Analysis and Conclusions

Why are GPUs faster?

As more and more miners come into the fold of the Bitcoin bandwagon the era of the CPU being able to effectively find keys dropped considerably.  Sure you can still technically do it but the amount of time it takes even today makes it simply a moot point and as the difficulty continues to increase in the days and months to come, the CPU will be rendered even less useful.  The only reasonable way to compute the SHA256 hashes is to use the power of GPU computing.  But why are GPUs so much better at this process than CPUs?  

The answer is one that both AMD and NVIDIA have been pushing for some time: the parallel processing power of the GPU far exceeds that of the CPU and for certain workloads (of which Bitcoin mining is definitely one) the performance delta between the two platforms can be staggering.  This Bitcoin wiki page seems to have a great summation of the reasoning as it comes down the ability for the GPU to process more ALU-based 32-bit instructions in succession than a CPU.  A CPU today can handle 4 or 8 (with Intel’s new AVX instructions) 32-bit instructions per clock per core giving us a maximum performance on a Core i7-2600K of 8 instructions x 4 cores x 3.4 GHz = 108.8 GigaInstructions. 

On the other hand a Radeon HD 6850 has 960 stream processors that each run a 32-bit ALU instruction per clock.  Even at a slower 775 MHz clock rate that gives us 960 instructions x 0.775 GHz = 744 GigaInstructions.  You can now see why getting a dual-GPU graphics card and how overclocking can do dramatically affect the performance of our Bitcoin mining operations.

Why is AMD so much faster than NVIDIA?

Obviously from our testing the AMD architecture is much better suited for this mining algorithm than NVIDIA’s GeForce cards, but why?  It really comes down to AMD’s use of smaller and simpler shader processing units compared to the design that NVIDIA uses; AMD runs more SPs at lower frequencies (1600 SPs on an HD 5870 running at 850 MHz) while NVIDIA runs fewer SPs at higher frequencies (GTX 480 has 480 SPs running at 1400 MHz).  This gives AMD a better ALU output than NVIDIA: 

  • AMD Radeon HD 6990: 3072 ALUs x 830 MHz = 2550 billion 32-bit instruction per second
  • NVIDIA GTX 590: 1024 ALUs x 1214 MHz = 1243 billion 32-bit instruction per second
  • Source: Bitcoin Wiki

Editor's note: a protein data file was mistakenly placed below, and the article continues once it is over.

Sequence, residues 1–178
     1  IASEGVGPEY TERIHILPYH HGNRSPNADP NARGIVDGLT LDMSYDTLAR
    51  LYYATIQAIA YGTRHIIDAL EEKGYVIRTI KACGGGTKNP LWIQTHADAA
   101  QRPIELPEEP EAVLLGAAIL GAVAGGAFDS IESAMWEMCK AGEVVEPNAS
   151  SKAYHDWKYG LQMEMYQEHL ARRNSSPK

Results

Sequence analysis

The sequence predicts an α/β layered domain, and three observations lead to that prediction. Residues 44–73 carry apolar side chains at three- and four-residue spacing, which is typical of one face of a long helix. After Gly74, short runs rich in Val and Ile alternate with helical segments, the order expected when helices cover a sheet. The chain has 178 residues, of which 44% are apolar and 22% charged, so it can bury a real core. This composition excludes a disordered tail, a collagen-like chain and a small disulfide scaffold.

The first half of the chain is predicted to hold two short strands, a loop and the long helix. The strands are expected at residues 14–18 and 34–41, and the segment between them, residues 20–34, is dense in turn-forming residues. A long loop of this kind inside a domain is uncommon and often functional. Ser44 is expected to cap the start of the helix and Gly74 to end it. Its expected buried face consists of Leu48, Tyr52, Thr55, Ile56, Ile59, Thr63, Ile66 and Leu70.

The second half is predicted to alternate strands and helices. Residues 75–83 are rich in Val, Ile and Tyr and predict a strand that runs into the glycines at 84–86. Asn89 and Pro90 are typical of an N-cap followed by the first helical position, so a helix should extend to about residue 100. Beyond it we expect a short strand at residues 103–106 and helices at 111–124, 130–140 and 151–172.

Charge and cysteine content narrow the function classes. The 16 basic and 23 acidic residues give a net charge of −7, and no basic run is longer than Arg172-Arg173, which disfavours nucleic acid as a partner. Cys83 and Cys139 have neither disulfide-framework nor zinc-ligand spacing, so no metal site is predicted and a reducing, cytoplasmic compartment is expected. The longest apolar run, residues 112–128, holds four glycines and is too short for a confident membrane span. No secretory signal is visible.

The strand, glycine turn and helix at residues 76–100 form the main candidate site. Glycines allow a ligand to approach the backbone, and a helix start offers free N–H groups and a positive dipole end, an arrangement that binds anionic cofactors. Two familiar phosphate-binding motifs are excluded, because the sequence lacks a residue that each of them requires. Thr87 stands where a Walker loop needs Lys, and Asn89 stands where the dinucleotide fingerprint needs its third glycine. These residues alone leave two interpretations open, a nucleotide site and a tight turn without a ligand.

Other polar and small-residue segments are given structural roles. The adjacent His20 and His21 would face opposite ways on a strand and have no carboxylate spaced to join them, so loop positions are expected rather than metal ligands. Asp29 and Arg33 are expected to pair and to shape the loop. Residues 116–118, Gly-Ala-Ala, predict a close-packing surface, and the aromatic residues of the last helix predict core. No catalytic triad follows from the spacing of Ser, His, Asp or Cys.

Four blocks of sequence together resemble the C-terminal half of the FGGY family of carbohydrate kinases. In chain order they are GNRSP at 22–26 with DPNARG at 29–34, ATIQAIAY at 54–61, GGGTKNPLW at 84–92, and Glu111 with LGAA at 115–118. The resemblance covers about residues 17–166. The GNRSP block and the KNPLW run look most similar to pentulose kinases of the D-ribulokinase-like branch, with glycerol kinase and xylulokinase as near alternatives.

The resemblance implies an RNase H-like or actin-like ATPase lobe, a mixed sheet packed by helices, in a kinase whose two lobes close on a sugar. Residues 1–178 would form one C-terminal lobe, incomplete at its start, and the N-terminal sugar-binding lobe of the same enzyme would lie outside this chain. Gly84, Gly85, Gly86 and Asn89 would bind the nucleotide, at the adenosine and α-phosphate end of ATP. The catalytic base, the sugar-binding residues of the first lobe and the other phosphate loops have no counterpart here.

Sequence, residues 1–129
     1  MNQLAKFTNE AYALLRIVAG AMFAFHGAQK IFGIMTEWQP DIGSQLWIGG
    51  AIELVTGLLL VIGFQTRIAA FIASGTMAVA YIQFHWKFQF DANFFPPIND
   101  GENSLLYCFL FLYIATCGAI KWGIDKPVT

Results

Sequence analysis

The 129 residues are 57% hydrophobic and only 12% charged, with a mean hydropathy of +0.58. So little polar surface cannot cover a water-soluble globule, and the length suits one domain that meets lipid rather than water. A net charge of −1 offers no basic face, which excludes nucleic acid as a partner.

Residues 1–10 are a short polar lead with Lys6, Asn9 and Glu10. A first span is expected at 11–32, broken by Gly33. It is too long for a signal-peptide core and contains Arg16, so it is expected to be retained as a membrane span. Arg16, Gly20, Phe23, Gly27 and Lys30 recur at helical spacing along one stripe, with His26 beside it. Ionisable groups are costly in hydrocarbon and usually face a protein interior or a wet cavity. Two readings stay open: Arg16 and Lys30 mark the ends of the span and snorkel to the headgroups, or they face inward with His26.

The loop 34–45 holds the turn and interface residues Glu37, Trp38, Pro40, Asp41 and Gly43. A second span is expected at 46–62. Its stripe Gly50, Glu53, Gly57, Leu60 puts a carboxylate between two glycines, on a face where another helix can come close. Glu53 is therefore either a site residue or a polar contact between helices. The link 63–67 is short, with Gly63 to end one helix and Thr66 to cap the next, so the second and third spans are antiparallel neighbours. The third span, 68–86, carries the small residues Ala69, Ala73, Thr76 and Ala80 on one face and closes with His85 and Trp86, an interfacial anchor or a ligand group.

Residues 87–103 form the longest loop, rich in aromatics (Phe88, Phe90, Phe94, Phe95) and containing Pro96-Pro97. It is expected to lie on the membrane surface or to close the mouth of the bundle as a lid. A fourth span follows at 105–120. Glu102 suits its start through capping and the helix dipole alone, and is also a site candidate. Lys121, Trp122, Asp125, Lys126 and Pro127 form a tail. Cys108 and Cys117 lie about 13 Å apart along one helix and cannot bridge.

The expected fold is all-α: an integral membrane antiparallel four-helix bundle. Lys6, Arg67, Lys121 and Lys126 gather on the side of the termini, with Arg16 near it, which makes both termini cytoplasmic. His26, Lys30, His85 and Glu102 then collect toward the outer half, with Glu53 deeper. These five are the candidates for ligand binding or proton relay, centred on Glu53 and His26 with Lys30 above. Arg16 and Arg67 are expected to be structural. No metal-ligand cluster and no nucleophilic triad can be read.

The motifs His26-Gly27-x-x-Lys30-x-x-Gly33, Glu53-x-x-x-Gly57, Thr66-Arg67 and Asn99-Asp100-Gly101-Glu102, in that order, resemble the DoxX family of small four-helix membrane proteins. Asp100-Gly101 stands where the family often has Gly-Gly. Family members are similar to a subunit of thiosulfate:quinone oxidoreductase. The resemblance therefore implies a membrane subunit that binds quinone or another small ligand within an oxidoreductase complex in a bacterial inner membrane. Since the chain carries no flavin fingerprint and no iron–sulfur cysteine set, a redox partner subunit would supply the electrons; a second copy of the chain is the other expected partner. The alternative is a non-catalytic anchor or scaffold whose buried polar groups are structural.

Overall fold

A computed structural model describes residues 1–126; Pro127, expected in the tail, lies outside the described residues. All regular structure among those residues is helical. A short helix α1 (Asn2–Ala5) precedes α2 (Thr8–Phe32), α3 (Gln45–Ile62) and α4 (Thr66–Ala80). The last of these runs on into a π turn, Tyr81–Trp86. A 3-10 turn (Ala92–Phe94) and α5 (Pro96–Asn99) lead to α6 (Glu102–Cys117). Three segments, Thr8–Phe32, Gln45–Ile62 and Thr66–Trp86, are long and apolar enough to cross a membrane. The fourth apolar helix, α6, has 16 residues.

While in gaming this difference is raw compute power can be offset by other GPU technologies, for the raw mathematical power need for mining Bitcoins (and other ALU-bound work like password cracking) AMD definitely has better utilization of its processing power.

There is another difference between how AMD and NVIDIA operate on the SHA256 keys that affect performance.  From the wiki:

…another difference favoring Bitcoin mining on AMD GPUs instead of Nvidia’s is that the mining algorithm is based on SHA-256, which makes heavy use of the 32-bit integer right rotate operation. This operation can be implemented as a single hardware instruction on AMD GPUs, but requires three separate hardware instructions to be emulated on Nvidia GPUs (2 shifts + 1 add). This alone gives AMD another 1.7x performance advantage (~1900 instructions instead of ~3250 to execute the SHA-256 compression function).

How do you get started with your own mining?

So you are probably wondering how you can get started playing with this whole Bitcoin mining operation.  First a warning: we are not responsible should the currency collapse and your GPU purchases be made useless!  That out of the way, a great place to start is this tutorial that goes through setting up a GPU-based mining operation in Windows.  

One of many online tutorials about setting up a Bitcoin mining operation on your PC.

Just like other GPU computing tasks Bitcoin offers you a way to utilize the power of your graphics card when not gaming.  While maybe not as humanity-driven as Folding@Home, everyone gets to make their own choice!

What is the "Best Card" for mining?